Annual Survey of International & Comparative Law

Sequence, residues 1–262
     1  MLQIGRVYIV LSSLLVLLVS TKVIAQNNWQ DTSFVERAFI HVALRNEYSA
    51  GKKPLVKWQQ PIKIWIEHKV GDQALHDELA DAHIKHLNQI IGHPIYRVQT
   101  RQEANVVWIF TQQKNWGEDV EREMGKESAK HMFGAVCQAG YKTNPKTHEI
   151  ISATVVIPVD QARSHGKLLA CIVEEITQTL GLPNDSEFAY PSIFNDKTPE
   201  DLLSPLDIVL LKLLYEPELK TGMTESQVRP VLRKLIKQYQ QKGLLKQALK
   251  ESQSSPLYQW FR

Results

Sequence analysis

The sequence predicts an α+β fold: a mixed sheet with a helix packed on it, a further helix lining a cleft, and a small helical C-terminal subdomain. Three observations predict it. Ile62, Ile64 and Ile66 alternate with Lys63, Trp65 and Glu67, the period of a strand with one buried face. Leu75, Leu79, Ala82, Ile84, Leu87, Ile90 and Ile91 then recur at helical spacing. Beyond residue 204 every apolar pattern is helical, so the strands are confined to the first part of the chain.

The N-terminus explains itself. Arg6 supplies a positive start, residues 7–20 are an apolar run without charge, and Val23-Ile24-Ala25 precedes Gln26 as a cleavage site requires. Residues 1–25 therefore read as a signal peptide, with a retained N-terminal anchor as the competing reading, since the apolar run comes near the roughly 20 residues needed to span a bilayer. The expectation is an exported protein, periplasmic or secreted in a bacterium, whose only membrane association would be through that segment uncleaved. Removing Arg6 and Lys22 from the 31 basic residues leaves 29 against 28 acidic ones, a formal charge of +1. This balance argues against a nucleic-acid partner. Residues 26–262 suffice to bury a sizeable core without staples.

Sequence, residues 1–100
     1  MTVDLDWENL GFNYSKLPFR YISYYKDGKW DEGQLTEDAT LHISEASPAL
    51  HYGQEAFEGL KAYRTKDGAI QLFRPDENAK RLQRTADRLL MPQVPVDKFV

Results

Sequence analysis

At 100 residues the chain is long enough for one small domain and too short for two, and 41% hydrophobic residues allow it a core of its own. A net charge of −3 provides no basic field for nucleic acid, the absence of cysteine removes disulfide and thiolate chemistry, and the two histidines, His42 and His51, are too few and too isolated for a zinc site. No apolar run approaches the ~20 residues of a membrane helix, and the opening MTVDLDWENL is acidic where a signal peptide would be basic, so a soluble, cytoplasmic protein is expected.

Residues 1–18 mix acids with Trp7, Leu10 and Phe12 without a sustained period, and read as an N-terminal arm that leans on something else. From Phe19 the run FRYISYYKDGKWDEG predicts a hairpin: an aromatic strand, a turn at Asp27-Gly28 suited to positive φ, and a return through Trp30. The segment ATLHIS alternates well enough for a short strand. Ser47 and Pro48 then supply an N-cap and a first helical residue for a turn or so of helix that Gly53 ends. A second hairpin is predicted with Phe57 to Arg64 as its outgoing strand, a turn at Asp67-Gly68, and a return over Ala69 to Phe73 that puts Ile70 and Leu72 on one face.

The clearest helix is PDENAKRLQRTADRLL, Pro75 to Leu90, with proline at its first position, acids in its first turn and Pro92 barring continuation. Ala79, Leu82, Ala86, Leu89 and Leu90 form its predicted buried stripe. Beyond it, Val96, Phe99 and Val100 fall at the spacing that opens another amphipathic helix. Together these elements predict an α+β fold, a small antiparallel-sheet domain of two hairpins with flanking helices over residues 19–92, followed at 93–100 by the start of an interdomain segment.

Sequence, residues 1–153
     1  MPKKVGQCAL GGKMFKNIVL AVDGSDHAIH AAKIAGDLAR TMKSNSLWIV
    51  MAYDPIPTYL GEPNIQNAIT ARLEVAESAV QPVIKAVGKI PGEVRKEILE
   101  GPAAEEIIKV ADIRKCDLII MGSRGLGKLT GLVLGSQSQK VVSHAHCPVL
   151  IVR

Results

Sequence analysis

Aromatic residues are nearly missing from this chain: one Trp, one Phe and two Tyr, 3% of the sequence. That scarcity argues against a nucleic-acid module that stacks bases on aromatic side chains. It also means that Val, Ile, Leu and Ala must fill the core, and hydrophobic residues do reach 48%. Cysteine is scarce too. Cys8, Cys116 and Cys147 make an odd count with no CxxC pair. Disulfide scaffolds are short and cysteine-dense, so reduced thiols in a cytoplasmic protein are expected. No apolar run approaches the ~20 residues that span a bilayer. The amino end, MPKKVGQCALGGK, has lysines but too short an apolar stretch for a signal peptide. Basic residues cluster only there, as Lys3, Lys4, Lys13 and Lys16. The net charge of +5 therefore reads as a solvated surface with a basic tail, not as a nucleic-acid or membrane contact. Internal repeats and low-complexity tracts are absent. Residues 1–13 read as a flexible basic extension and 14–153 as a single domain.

The Article focuses on the recently concluded Bakweri land case against Cameroon in the African Human Rights Commission. The Article uses this litigation as the basis for a re-examination of a host of issues relating to the enforcement of human rights, especially land rights, in postcolonial countries making the slow transition from single-party authoritarian rule to multi-party democratic states. More importantly, it takes a fresh look at the exhaustion of local remedies rule. It asks the relatively simple question: whether an indigenous people seeking to reclaim and assert permanent sovereignty over ancestral lands, forcibly expropriated from them during the period of colonial occupation and subsequently vested in the post-colonial State, should be required to comply with the exhaustion of domestic remedies rule in a country where the rule of law is in its infancy and where the judiciary is neither independent nor impartial. The Article argues that the exhaustion rule should be dispensed with where it is demonstrably clear that local courts are notoriously lacking in independence; there is a consistent and well-established line of precedents adverse to the claimant; and the respondent State does not have an adequate system of judicial protection that complainant can rely on. The Article concludes by advocating for the broadest interpretation possible of the exhaustion rule in order to (a) level the playing field for both parties - the defenseless citizen whose fundamental human rights have been violated and the powerful State responsible for the violation; (b) preserve the right of individual petition now entrenched in all international human rights instruments; and (c) give true meaning to the principle of equality-of- arms upon which all human rights contests are anchored.

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